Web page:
I do not know how many noble Lords present are familiar with the fact that the grant-in-aid to the English Tourist Board, which also has to fund essential services carried out by English regional boards, has been cut quite savagely over recent years from over £23 million in 1988-1989 to only £10 million in the last and current years. Perversely, the Scottish and Welsh Tourist Boards over the same period of time have had their budgets increased. It is difficult to see the logic of treating parts of Great Britain so differently. The problems of attracting visitors, stimulating investment and reducing seasonality are no different in, say, Cornwall or Northern England than they are in West Wales or rural Scotland.

The reduction in the ETB's grant-in-aid has inevitably resulted in cuts in its work; for example, the reduction in support for the Tourist Information Centre. Funding for the English regional tourist boards has also suffered. I am convinced that tourism can produce such great returns that the relatively small amounts of additional funding necessary to restore the cuts would pay handsome dividends in jobs and economic benefits.

However, I am concerned also that the structure of the English regional boards is no longer working as well as it used to. I am aware that the ETB and regional boards have been looking at the structure and remit of the regions and the division of responsibilities between regions and the centre. But they have not yet, as far as I know, come to any conclusions. Since the regional

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boards were established, local authority tourism activity has increased markedly. Most councils now have their own designated tourism officer. In the private sector there are many locally based marketing consortia. But they do not relate easily to the regional boards or their membership structure. We need a new system which will harness the strength of all those involved in tourism. Any changes must ensure more efficient and better co-ordinated central services. Although some favour a system of fewer larger boards--for instance, four boards covering the North, the Midlands, the South, and London--it is unlikely that such large areas would encourage the active participation of small independent businesses. It is unlikely that Brighton, Bournemouth, and Torquay, which are naturally in competition, would fit comfortably in such a large area. I should like to hear the Minister's views on that subject.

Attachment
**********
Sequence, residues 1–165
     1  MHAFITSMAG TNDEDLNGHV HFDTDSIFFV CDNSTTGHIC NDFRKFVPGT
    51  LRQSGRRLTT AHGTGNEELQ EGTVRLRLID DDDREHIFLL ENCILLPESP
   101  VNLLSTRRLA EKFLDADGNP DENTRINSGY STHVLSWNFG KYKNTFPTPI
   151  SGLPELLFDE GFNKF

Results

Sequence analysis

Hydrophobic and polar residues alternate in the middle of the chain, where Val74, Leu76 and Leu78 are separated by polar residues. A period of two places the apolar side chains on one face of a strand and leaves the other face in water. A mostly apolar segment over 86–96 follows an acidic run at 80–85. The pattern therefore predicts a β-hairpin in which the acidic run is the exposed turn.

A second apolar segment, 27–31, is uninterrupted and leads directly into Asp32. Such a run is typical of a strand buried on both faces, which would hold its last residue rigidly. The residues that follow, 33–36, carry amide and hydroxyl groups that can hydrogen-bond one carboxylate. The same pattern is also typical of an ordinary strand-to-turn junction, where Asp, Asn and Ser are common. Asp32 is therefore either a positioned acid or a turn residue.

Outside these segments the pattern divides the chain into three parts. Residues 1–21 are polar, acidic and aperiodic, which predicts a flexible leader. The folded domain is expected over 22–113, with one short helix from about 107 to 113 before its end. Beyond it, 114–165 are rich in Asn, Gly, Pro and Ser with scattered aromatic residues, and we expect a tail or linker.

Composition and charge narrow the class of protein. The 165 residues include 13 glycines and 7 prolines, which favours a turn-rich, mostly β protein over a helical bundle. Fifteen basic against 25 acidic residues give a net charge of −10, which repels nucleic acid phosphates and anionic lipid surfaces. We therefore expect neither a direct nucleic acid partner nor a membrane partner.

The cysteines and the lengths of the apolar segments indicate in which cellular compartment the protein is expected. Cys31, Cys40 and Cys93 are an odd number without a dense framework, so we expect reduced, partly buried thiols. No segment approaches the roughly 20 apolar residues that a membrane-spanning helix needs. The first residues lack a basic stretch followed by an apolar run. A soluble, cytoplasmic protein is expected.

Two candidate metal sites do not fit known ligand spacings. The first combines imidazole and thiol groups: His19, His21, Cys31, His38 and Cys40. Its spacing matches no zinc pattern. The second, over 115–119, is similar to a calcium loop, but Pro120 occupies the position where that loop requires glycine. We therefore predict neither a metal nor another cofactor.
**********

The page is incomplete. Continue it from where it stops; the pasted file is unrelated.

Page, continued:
I must mention also the important role that local authorities play in tourism. They are responsible for planning, roads, signposting, and, in most cases, the funding and operation of tourist information centres--that excellent network upon which the visitor relies so heavily. I know it is of great concern to the tourist industry that local authority spending constraints have threatened TICs, either through shorter opening hours or sometimes closing down altogether. Such front-line services must be maintained at all costs. One of the keys to our continued success is the achievement of high standards in everything we offer--accommodation, service, attractions, the heritage and the environment. I should like briefly to mention four: accommodation, service, attractions, and heritage.

Accommodation classification and grading schemes are one example where, to date, it has not been possible to achieve a fully effective result in the board's efforts to raise standards. Sadly, there are too many establishments that do not measure up to the requirements of today's tourist. Some are in London, where in 1994 nearly half the overseas visitors considered that hotel accommodation represented bad value for money. Other substandard accommodation is to be found in seaside resorts, where the recent problems with DSS claimants in hotels is symptomatic of that problem. Some accommodation is undoubtedly surplus and unsuitable for economic refurbishment, but the Government, together with the tourist boards, should give attention to how those establishments can be eased out of the tourist market, and perhaps also their residents. However, before those desirable changes can be achieved, we need a co-ordinated approach from the national boards to their crown classification schemes and harmonisation with the motoring organisations' well-recognised stars rating system. In a recent survey for the Tourism Society, a majority of recipients favoured a statutory approach to the registration of accommodation--as already happens in Northern Ireland--coupled with a voluntary grading in order to help both improve standards and make it easier for the consumer to select the most appropriate accommodation. Will the Minister comment on the Tourism Society's proposals and let us know what he thinks?

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Following the improvements of recent years, there are many establishments of all kinds--and I count Beaulieu as one of these--where the standards of service offered match those anywhere in the world. Much first-rate work has been done on training in the tourist industry--by individual companies, by hotel and training companies, by tourist boards through their Welcome Host initiative, and through the development of national vocational qualifications. Unfortunately, that is not enough. Regrettably, there are still too many people operating tourism businesses in Britain who appear not to consider training valuable and worth spending time and money on.